Following my recent post on “The issue that isn’t going away – leadership and management in Steiner Waldorf schools”, there was a minor flurry of comments from some of those who are critical of Steiner Waldorf schools. I will mention here just two of them:
Mark Hayes of the Steiner’s Mirror blog said:
“I think that the common lack of effective leadership stems from the collegiate management structure which originated with Steiner himself and the first Waldorf school, of course. I also suggest that the movement’s rigidity in this respect stems from the kind of unquestioning adulation for Steiner many share, as in your final paragraph.
Having said that, I have the impression that the mandate system used in many Steiner schools was an attempt to evolve from the fully collegiate approach, though I’ve seen little evidence that it has made much difference.
Does the SWSF still have an oversight role in the UK? Can grievances not satisfactorily resolved at school level still be taken there? If not, what role does it now have?”
Well, Mark, what I would say is that all sorts of variations have been tried in order to make the college of teachers system more responsive and effective, including the mandate system – I will be saying more about this in another posting soon, which will look in some detail at leadership and management issues.
I can’t speak for others but please do not assume that I have “unquestioning adulation” for Steiner – if I did, I would have failed as someone who seeks to work with anthroposophy. My appreciation of Steiner’s greatness has arisen over years of study, not just of anthroposophy but also of other spiritually-oriented philosophies. I have found that if you try to live and work with a new idea over a period of time, you will soon discover whether it has truth for you, because something within you will resonate with it. And if it sounds fantastical and cannot be verified, either within your own being or by some other means, then you can simply dismiss it, or say: interesting, if true. I understand that not everyone will share my assessment of Steiner, nor am I asking that they should.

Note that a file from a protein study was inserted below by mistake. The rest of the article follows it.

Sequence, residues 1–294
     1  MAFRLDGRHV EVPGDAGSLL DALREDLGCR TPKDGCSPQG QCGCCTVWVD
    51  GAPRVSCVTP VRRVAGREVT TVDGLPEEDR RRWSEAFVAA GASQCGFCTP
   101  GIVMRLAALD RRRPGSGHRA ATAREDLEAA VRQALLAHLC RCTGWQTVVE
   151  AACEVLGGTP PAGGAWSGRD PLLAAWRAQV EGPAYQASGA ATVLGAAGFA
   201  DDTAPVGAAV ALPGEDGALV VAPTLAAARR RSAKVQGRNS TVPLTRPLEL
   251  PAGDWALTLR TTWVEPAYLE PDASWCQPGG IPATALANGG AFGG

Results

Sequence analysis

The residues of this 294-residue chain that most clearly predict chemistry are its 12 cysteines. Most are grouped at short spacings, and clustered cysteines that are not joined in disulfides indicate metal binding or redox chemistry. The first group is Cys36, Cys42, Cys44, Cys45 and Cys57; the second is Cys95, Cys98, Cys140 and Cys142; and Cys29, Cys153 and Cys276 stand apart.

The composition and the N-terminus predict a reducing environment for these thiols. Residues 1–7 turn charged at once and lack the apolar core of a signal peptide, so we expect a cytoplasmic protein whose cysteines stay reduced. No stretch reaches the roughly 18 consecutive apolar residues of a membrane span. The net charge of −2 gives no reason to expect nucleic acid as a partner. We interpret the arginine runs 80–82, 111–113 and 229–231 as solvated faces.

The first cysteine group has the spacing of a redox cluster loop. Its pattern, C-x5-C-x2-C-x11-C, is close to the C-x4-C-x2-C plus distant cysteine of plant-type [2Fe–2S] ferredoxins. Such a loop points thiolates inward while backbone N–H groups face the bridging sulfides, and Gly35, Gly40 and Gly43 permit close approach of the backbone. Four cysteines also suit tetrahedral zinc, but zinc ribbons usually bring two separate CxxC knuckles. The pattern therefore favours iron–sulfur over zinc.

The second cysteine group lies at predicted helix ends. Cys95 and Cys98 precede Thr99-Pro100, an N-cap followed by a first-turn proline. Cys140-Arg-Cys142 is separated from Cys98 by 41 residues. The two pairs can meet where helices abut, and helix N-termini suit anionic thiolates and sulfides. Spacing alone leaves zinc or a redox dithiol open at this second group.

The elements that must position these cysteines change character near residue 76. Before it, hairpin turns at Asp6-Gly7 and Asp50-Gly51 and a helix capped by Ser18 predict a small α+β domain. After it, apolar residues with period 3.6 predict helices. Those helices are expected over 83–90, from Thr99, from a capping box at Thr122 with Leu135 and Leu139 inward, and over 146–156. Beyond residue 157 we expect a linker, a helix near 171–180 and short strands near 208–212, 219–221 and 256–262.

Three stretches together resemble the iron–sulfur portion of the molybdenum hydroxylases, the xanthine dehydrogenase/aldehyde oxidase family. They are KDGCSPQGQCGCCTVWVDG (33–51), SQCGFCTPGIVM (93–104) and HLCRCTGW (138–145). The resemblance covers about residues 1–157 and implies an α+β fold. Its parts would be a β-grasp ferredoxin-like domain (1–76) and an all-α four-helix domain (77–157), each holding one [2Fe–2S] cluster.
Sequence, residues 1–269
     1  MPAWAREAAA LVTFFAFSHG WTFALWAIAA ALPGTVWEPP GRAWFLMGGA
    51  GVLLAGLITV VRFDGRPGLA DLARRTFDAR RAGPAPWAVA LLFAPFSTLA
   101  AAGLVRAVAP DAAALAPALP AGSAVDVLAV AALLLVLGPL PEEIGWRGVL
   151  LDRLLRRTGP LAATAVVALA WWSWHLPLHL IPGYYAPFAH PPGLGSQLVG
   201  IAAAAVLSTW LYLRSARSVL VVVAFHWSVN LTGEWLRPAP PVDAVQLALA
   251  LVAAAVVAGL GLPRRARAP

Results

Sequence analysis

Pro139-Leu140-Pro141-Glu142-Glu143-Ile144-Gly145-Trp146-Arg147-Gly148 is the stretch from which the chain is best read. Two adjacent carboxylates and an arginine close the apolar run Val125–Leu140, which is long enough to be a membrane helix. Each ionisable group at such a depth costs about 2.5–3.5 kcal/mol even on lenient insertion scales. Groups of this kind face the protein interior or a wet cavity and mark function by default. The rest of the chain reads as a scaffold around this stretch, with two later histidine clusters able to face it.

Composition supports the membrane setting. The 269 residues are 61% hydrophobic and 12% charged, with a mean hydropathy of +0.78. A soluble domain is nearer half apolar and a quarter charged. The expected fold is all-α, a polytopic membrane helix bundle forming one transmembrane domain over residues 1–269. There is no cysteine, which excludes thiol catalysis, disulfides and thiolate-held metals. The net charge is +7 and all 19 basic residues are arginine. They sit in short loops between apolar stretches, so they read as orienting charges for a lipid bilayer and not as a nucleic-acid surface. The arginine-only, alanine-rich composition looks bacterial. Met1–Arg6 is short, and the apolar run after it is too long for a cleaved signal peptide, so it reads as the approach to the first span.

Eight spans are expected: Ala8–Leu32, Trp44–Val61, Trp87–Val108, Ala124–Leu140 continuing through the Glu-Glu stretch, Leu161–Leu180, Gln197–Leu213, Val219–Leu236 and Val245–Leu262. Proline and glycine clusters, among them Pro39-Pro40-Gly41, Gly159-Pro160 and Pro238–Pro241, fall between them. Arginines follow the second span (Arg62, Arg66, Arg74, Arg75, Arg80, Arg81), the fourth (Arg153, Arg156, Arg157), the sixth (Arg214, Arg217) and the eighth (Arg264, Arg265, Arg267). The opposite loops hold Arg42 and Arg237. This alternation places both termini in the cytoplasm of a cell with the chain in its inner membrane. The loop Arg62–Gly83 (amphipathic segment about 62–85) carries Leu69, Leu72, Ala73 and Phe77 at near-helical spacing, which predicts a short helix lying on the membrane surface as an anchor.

Re SWSF, if I recall correctly, they no longer have a “final court of appeal “ role, which in the complaints procedures of most schools is reserved for the school’s Council of Trustees. What SWSF does do is to provide a Code of Practice, which spells out both Basic and Best Practice procedures; and in recent times, it has also introduced a Quality mark, which is awarded only to those schools which have undergone a rigorous outside assessment.
Melanie Byng has tweeted to say:
“your essential problem is that very few people agree Steiner was ‘a great initiate & one of the most remarkable human beings’ etc & most of these people don’t think it’s a good idea to base an education system on the ideas of ‘a great initiate’ or clairvoyant.”
I’m sure you’re right, Melanie, that not everyone will want such a system, but then as the marketing people say: “It’s different strokes for different folks.” Some people will want Montessori, some will want Froebel, some will want their local comprehensive, and there may even be a few who will want Steiner. What’s wrong with that?
Most parents will do their due diligence in researching the school they want for their child and there is plenty about Steiner schools on the internet, both pro- and anti-. Steiner schools are also much better these days in making statements about anthroposophy on their websites and in their prospectuses, so there should be fewer and fewer parents who are unaware of it.
If I might be excused a personal example, my wife and I were very happy to choose a Steiner school for our daughter, because we had done our due diligence and we did know fairly exactly what to expect; and it has worked very well for our daughter, both socially (like most Steiner pupils you meet, she is well-rounded, engaged with life, well-socialised, articulate and independent-minded) and academically (3 A*s at A level, a first class degree, and is now doing her MA at the Courtauld Institute). There are many others like her, both academic and non-academic types, who are able to find their way into adult life as free-thinking, creative and positive members of society. I saw it every year when I was working in a Steiner school and we said goodbye at the end of Summer term to the students leaving after their A-levels. These are fine young people that give one faith in the future of humanity – and any education system that can produce such results is doing quite a lot right.